Artist rendition of Parker Solar Probe approaching the Sun.
Credit: NASA/Johns Hopkins APL/Steve Gribben
Parker Solar Probe is a NASA mission designed to plunge directly into the atmosphere of the Sun for the first time in history. Reaching 4 million miles from the surface of the Sun, the spacecraft will enter a completely unexplored region of space. At these distances, the Sun will be over 500 times brighter than it appears at Earth and particle radiation from solar activity will be harsh. Collecting data from this treacherous zone will provide breakthrough insights into the mechanics of our Sun.
In May 2017, the spacecraft was renamed Parker Solar Probe in honor of astrophysicist Eugene Parker, coiner of the term solar wind. In the mid-1950s, Parker proposed a number of concepts about how stars — including our Sun — give off energy, calling this cascade of energy the solar wind.
He described an entire complex system of plasmas, magnetic fields, and energetic particles that make up this phenomenon. Parker also theorized an explanation for the superheated solar corona, which is — contrary to what was expected by then-known laws of physics — hotter than the surface of the Sun itself. Several theories aimed at solving this “coronal heating problem” have been proposed in the intervening decades, but had not been able to be directly tested before now.
More than half a century later, the Parker Solar Probe mission will finally be able to provide key observations on Parker’s groundbreaking theories and ideas, which have informed a generation of scientists about solar physics and the magnetic fields around stars. Much of his pioneering work, which has been proven by subsequent spacecrafts, defined a great deal of what we know about the how the Sun–Earth system interacts.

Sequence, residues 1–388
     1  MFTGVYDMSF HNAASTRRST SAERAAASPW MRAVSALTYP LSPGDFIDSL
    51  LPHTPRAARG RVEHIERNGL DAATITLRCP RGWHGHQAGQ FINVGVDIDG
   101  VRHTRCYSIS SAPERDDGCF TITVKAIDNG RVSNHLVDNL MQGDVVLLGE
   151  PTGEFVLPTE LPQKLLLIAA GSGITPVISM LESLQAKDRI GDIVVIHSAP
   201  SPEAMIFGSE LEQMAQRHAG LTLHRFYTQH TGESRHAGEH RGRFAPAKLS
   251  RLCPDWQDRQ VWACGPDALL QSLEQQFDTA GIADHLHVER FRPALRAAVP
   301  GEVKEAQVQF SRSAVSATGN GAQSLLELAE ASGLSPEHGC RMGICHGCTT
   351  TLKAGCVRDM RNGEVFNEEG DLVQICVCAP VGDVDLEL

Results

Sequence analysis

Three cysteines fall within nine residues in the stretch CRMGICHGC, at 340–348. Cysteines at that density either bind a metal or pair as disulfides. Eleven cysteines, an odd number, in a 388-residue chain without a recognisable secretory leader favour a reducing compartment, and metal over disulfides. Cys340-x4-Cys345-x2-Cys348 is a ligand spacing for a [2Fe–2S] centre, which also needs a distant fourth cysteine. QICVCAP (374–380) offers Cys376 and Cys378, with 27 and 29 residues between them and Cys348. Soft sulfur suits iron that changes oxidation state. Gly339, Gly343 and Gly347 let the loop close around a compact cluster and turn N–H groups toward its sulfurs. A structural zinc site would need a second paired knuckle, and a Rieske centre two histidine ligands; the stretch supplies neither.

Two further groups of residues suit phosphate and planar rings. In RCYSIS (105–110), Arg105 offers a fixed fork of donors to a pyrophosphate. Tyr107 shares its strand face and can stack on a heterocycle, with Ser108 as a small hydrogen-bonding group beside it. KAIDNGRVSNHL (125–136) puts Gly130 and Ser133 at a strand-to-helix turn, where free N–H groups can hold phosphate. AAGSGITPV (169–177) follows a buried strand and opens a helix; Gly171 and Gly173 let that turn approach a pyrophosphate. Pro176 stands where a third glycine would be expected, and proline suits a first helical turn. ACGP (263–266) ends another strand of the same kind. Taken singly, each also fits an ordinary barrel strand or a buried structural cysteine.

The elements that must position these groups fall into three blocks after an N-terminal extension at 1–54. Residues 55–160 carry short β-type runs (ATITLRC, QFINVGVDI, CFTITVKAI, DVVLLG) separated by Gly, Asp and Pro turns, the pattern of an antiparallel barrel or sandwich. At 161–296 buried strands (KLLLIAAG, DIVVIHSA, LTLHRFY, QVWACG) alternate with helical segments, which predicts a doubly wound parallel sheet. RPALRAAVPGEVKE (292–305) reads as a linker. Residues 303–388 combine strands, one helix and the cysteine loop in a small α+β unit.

Goals of PSP
PSP directly observes the processes and dynamics that characterize the Sun’s corona and outwardly expanding solar wind and energetic particles. The primary science goals of the Parker Solar Probe mission are to: (1) determine the structure and dynamics of the Sun’s coronal magnetic field, (2) understand how the solar corona and wind are heated and accelerated, and (3) determine what mechanisms accelerate and transport energetic particles. Specifically, these objectives are:
- Follow the flow of energy from the solar corona into the accelerating solar wind
- Measure the energy of the solar wind and corona as a function of distance
- Determine which processes are responsible for heating the outer corona and the solar wind
- Understand the important of plasma instabilities and collisions
- Determine the importance of magnetic fields in shaping the final nature of the solar wind
- Connect the large structure in the solar wind to their solar sources
- Understand how slow solar wind is accelerated
- Understand the variable magnetic connection between the corona and the solar wind
- Discover the smallest coronal structures embedded in the solar wind
- Explore mechanisms that accelerate and transport energetic particles
- Understand particle acceleration by CMEs and interplanetary shocks
- Understand the acceleration and transport of particles from solar flares into the solar wind
- Determine if stochastic in-situ acceleration and energetic particle transport is significant